The developers hope the color of genetically-modified Golden Rice will become increasingly attractive to many people over time. They call it “value-added rice” because the genetically-modified rice produces and accumulates beta-carotene (Vitamin A) in the grain.
My name is Stephanie Zonis, and welcome to Organic Matter for April, 2006.
The GMO Controversy
“GMO” stands for “genetically modified organism” (sometimes, these organisms, plant or animal, are referred to as “GE” or “genetically engineered”). Selective modification of genetics has been practiced for thousands of years by humans, who sowed or bred those organisms that had characteristics the humans favored; this applies equally to show dogs or strawberries, livestock or Lima beans. It was always a gradual process, with uncertain success. But now, genetic modification is being undertaken on a much larger and more dramatic scale, thanks to biotechnology corporations. How does genetic modification relate to the current popularity of organics?
Right now, it doesn’t. Or, more properly, it shouldn’t. Technically, the use of GMOs isn’t allowed in organic products. Practically, more and more traces of GMOs are showing up in crops that farmers produced in accordance with organic standards. Having traces of a GMO found in a product that was produced or raised in accordance with organic standards will not result in the producer’s being de-certified, but it’s an injustice to the consumers who buy organic products, at least in part, because they don’t want to consume GMO’s. Unfortunately, they have less and less choice in the matter.
The March 20, 2006 edition of Newsweek International contains an article by one Lee Silver, entitled “Why GM is Good for Us: Genetically Modified Foods May be Greener than Organic Ones.” Organic practices, products, and consumers are denigrated in this piece; consumers of organics, in particular, are accused of thinking along simplistic lines where GMO’s are concerned.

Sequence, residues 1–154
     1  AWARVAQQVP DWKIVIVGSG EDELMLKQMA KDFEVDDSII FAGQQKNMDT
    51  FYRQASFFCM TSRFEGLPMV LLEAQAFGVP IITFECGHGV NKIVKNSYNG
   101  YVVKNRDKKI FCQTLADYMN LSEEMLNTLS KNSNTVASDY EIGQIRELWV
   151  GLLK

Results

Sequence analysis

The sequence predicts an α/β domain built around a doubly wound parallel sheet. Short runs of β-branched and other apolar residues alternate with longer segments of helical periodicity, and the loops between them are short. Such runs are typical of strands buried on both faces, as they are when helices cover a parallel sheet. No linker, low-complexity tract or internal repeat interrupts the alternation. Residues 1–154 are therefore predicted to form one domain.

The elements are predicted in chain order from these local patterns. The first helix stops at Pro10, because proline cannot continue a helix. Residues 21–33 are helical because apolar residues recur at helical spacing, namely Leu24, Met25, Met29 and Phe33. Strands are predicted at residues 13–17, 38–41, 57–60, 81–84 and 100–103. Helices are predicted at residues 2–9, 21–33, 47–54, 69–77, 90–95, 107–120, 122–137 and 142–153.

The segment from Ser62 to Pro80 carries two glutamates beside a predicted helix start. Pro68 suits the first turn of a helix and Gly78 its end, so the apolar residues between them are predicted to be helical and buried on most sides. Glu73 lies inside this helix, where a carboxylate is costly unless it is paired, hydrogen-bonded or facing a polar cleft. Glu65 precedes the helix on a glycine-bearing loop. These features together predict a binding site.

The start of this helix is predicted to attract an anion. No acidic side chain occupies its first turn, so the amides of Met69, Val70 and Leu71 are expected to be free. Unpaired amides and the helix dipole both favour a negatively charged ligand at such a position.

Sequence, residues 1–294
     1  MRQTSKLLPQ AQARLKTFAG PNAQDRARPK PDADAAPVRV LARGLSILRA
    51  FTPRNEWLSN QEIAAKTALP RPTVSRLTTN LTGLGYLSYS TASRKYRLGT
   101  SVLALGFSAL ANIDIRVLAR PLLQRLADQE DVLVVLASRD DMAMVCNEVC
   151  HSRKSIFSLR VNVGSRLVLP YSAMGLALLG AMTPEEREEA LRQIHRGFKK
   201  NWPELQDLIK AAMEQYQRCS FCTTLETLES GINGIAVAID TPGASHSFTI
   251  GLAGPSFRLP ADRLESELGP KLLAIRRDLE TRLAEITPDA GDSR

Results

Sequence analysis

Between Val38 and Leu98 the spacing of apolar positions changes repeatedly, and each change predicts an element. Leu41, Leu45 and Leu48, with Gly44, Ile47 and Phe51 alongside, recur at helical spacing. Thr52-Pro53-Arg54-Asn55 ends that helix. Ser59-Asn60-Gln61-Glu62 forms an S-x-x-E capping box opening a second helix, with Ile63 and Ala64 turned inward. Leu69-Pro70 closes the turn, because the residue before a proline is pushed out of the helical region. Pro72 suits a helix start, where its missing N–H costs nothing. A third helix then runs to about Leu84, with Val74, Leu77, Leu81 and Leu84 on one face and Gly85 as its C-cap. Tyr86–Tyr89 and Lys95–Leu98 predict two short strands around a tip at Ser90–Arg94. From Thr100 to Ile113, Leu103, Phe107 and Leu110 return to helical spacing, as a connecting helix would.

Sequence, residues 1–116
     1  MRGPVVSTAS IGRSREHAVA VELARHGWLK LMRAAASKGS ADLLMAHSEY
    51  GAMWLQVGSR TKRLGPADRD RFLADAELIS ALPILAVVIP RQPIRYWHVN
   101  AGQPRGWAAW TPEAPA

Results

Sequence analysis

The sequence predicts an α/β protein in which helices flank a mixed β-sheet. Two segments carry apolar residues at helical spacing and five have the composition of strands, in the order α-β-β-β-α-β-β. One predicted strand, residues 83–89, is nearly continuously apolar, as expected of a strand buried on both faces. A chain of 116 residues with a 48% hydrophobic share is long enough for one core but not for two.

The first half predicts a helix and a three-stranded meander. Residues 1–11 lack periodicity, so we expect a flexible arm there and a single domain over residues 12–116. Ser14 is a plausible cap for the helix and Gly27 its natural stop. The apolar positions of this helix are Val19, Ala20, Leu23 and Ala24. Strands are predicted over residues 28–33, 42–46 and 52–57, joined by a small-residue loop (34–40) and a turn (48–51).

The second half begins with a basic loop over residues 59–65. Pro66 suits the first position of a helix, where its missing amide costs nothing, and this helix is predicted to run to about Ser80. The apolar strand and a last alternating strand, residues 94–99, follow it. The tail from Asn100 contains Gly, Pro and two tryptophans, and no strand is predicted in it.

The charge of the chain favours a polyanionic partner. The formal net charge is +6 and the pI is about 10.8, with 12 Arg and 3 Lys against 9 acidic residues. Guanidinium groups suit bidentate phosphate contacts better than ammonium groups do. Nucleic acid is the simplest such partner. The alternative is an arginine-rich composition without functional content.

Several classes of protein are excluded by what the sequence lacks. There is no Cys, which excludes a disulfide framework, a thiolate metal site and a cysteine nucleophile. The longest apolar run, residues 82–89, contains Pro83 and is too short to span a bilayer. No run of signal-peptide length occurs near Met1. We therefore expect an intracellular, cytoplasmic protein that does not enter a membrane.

If not wanting GMOs to become an everyday part of my eating is thinking along simplistic lines, then I’m all for a little more simplicity in my life.
I believe there is potential for good in some GMOs, but allowing biotechnology corporations to forge right ahead with GMO crops and livestock is folly: poorly-regulated, poorly-overseen folly. Why? Truth is, I don’t have enough space in one column to give all the reasons, but I can at least give you an idea of what I’m talking about. And while I’m at it, I’ll talk more about Silver’s article.
Silver notes that, “all domesticated plants and animals were created by human selection of random mutations that occur in nature.” I have little quarrel with that statement. But biotechnology corporations are not merely modifying genetics slightly to produce cattle with thicker coats or corn with kernels of a particular color. Instead, their GMO’s are often transgenic—that is, they place genetics from one type of organism into another, in combinations that simply wouldn’t occur in nature.
Golden Rice, one of the better-known GM products, places genes from daffodils and a bacterium into rice. At one point, a transfer of genetic material from fish into strawberries and tomatoes was attempted (it didn’t work). In another GM experiment, Brazil nut genetics were transferred into soybeans in an attempt to improve the nutrition of the latter (that didn’t work, either; the Brazil nut gene transferred a potential for allergies to the soybean).
And what are the long-term effects of transgenic products on human health or the environment? Nobody knows. If you’re allergic to daffodils and eat Golden Rice, what happens then? Again, we have no answer.
One thing is clear, however: unintentional transfer of transgenic material through gene flow, which occurs naturally, is a certainty. Genetically-modified plants are more likely to crossbreed than non-genetically-modified plants, even if the two are growing side by side. Mexico had had a ban on GM technology since 1998, but in March of 2004, GM corn was found growing there. GM grasses in Oregon crossbred naturally with non-GM grass growing twelve miles away. This means that Golden Rice will crossbreed with rice of a different variety growing nearby, creating, well, who knows what? This could lead to a loss of unique species in the plant kingdom, and it will undoubtedly result in more widespread GM contamination of non-GM plants. Shorter- and longer-term effects on microorganisms in the soil, a critical component of soil health, are also unknown.